|Title||Do wild pollinators help farmers?|
|Group||Plant Ecology and Nature Conservation Group|
|Description||People and society benefit from the conservation of biodiversity because of the ecosystem services it delivers. For example, wild insects pollinate our crops free of charge. So far, arguments highlighting the importance of ecosystem services such as pollination have mainly been qualitatively. Hardly anything is known about what proportion of agricultural yield or farm income is related to the occurrence of wild species of pollinators.
This is surprising because the contribution of wild pollinators to agricultural production and farm income can be quantified relatively easily. The objective of this project is therefore to quantify the agronomic and economic contribution of wild pollinators to the production of blueberry, an insect-pollinated field crop. It will furthermore explore to what extent the establishment of wildflower strips bordering the blueberry plantations influence the potential of pollinators to provide ecosystem services. This information can potentially be used to inform farmers how to enhance pollinators and the services they provide on their farms.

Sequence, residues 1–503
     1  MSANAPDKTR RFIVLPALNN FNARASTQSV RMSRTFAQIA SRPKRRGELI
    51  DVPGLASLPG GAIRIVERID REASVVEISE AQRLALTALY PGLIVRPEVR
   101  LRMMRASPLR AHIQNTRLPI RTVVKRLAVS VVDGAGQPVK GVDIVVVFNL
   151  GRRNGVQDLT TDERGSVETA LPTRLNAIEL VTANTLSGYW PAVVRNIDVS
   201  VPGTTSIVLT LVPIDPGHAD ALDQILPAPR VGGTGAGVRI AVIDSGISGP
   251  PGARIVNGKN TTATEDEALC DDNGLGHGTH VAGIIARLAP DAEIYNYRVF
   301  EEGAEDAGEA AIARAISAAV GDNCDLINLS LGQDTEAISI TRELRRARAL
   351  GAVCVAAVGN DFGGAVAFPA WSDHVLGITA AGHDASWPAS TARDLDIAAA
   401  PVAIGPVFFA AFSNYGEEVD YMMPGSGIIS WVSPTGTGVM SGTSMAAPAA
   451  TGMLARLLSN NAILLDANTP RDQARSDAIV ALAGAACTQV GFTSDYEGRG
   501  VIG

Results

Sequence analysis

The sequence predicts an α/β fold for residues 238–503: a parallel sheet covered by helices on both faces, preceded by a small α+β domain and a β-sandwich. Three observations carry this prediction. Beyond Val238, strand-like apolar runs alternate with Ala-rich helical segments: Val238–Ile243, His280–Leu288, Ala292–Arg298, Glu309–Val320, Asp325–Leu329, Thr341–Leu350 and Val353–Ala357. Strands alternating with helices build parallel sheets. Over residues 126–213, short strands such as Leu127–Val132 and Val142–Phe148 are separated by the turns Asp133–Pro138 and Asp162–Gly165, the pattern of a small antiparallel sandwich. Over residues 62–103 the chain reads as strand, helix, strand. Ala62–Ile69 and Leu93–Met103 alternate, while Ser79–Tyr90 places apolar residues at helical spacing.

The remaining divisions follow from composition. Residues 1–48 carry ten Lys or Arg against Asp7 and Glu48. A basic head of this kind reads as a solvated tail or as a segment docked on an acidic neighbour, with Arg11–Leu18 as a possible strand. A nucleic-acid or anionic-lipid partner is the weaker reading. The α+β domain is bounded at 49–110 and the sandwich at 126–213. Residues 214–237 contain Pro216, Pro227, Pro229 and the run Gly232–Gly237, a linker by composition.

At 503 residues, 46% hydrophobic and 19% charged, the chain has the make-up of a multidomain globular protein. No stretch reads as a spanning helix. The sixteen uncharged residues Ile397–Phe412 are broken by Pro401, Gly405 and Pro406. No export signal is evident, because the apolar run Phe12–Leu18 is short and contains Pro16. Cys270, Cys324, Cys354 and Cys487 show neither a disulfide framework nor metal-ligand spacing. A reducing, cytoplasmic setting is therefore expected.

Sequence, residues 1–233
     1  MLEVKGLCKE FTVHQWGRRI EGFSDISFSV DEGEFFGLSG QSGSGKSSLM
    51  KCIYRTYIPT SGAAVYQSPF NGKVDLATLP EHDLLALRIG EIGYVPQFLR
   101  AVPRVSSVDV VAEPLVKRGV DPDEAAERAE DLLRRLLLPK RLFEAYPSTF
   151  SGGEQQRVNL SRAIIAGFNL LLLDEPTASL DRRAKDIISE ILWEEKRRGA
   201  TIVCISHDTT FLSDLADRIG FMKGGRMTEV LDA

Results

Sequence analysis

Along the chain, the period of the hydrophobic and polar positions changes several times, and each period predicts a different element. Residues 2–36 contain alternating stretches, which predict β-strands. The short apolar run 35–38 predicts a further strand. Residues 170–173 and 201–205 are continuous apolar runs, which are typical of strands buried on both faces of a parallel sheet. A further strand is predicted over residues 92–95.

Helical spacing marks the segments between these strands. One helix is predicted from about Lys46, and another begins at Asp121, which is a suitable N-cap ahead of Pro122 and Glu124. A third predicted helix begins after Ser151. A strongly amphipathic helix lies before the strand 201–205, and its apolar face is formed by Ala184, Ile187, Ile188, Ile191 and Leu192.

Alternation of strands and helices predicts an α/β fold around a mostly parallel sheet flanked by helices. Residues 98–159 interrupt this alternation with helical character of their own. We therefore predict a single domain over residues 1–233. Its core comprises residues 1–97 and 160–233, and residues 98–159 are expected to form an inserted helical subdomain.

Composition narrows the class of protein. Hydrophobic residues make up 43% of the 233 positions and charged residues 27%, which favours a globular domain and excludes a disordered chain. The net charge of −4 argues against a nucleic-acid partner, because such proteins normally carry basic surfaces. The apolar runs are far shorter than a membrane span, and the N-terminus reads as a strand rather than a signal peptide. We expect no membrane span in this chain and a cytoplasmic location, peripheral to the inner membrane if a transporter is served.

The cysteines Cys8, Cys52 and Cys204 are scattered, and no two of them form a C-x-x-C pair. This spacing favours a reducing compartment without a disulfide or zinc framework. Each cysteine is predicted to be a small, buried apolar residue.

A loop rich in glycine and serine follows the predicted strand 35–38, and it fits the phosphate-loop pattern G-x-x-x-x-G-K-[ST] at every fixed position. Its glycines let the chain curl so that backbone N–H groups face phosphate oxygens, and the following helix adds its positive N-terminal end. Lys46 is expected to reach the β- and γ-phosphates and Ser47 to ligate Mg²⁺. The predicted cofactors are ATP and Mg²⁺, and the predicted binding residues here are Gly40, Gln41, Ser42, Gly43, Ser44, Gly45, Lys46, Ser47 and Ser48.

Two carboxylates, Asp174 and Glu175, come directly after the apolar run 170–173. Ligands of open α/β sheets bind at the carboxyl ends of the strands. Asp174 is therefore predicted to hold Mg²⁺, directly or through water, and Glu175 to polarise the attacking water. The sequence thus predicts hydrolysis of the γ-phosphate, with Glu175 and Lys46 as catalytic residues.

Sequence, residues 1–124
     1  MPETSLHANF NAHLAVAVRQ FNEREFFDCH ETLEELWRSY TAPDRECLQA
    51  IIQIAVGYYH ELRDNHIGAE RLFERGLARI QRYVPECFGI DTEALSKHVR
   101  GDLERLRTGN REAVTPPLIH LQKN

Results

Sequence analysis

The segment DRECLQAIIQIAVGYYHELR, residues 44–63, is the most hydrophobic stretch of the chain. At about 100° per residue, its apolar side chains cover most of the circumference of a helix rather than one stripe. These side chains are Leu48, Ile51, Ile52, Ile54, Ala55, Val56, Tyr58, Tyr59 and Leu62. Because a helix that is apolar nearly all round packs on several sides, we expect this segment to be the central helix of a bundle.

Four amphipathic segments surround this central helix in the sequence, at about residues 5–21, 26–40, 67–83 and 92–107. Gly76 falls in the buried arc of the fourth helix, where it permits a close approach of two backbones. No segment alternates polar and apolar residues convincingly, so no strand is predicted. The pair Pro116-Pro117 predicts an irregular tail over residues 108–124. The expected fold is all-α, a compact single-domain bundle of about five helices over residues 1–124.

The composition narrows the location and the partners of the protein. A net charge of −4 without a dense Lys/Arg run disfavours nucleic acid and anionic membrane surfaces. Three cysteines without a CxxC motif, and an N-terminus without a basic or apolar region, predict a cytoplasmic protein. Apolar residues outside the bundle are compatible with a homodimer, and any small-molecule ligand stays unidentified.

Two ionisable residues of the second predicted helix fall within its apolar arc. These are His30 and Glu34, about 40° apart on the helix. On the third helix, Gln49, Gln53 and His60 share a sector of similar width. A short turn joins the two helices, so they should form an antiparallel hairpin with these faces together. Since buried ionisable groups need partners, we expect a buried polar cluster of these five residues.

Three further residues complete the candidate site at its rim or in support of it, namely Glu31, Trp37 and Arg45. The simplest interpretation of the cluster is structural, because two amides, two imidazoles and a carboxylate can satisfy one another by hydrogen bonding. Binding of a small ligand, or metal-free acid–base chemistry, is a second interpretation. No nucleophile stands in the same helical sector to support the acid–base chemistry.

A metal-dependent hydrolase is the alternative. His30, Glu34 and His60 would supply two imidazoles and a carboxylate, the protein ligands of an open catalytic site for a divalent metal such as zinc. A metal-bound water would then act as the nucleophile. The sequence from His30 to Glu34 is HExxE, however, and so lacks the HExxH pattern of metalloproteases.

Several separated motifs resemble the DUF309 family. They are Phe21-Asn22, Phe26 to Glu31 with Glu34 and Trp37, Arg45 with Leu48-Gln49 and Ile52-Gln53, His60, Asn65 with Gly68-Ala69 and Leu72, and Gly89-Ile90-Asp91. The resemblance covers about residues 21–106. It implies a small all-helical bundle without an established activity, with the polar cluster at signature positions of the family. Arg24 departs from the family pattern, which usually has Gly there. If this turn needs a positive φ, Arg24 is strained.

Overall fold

|Used skills||Work involves sampling of bees and hover flies in and along blueberry plantations, survey flower abundance in field boundaries bordering blueberries, collect yield estimates, identification of bees and hover flies, analyse data and reporting|